Teaching assertiveness to undergraduate nursing students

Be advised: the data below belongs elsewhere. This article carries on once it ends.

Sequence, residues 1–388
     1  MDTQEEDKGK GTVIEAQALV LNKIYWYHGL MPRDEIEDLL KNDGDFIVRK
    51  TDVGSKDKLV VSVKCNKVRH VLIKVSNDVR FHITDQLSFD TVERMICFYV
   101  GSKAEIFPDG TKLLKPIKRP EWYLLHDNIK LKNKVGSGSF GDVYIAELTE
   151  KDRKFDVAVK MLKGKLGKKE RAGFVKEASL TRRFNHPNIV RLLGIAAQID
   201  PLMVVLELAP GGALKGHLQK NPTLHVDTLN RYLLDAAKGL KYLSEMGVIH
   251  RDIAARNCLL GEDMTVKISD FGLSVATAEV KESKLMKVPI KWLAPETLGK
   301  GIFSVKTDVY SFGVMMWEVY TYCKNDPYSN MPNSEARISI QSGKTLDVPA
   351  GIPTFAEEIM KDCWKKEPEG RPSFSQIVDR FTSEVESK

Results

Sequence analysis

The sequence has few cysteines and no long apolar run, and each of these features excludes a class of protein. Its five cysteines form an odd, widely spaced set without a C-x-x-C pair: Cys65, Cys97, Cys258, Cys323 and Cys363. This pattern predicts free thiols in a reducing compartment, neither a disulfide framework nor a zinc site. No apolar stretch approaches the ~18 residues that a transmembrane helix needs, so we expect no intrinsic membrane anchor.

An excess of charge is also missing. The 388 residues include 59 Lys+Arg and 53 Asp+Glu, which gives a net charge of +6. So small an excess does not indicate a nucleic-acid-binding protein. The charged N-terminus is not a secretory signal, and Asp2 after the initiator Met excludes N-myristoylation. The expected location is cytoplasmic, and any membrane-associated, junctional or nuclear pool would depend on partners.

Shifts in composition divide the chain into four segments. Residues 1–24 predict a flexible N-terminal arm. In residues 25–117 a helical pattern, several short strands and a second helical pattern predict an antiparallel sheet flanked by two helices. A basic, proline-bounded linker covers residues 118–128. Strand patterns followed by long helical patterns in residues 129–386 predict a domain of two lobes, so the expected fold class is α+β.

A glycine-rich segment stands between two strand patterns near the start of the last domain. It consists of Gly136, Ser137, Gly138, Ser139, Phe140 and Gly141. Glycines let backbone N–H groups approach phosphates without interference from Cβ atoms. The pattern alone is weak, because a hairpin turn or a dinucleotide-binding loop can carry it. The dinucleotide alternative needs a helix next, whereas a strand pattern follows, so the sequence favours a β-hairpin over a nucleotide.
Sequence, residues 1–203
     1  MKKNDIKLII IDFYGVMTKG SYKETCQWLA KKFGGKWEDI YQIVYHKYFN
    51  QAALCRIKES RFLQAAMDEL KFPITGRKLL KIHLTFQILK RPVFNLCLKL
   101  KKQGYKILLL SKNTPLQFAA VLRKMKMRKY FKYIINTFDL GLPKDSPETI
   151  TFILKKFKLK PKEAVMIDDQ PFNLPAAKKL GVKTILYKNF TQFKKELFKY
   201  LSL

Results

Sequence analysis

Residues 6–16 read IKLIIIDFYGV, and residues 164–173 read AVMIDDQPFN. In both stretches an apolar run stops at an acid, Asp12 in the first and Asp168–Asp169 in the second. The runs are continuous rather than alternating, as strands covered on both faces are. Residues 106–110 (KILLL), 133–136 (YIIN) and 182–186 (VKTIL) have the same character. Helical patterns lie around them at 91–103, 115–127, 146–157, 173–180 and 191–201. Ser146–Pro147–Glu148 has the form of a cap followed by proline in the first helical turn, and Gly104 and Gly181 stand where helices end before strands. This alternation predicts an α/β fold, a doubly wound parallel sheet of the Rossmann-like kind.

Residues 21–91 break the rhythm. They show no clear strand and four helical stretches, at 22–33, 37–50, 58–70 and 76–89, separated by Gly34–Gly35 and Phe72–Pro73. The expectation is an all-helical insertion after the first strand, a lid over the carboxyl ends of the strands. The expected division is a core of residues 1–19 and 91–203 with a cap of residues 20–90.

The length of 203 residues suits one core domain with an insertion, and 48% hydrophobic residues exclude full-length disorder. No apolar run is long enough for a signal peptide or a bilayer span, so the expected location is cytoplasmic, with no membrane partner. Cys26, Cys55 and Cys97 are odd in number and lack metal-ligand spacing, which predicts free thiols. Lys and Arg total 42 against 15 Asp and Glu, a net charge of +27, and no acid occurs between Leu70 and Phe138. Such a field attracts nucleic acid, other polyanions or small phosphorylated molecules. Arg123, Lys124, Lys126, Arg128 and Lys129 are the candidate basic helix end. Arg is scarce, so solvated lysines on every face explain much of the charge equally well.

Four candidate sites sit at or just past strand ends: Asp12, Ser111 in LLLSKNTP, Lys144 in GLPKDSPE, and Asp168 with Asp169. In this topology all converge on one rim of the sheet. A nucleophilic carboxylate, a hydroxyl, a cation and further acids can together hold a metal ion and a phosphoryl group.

Assertiveness is an important behaviour for today's professional nurse. As nurses move away from traditional subservient roles and perceived stereotypes it is increasingly being recognised that a nurse needs to behave in an assertive manner. Assertiveness is necessary for effective nurse/patient communication, and it is suggested that its development may also aid the confidence of the profession as it develops. Assertive behaviour may be encouraged through educational methods. It is preferable that nurses receive this educational preparation during undergraduate programmes. Nurse educators have an important role in the development and implementation of assertiveness training/education programmes for undergraduate nursing students. Little empirical evidence exists to support teaching in this area, however role-play is a concept that is suggested for the experiential teaching of communication/interpersonal skills in general. Using role-play as a central focus, and available literature on the topic, a 3-hour assertiveness workshop is devised for undergraduate nursing students. This paper describes this workshop from the teacher's perspective and outlines student responses. The experience is both positive and enlightening. Nurse educators have an important role to play in the development of education programmes of this kind. The sharing of this experience allows educators to examine current practice and presents pathways for future empirical studies in this area. © 2002 Elsevier Science Ltd. All rights reserved.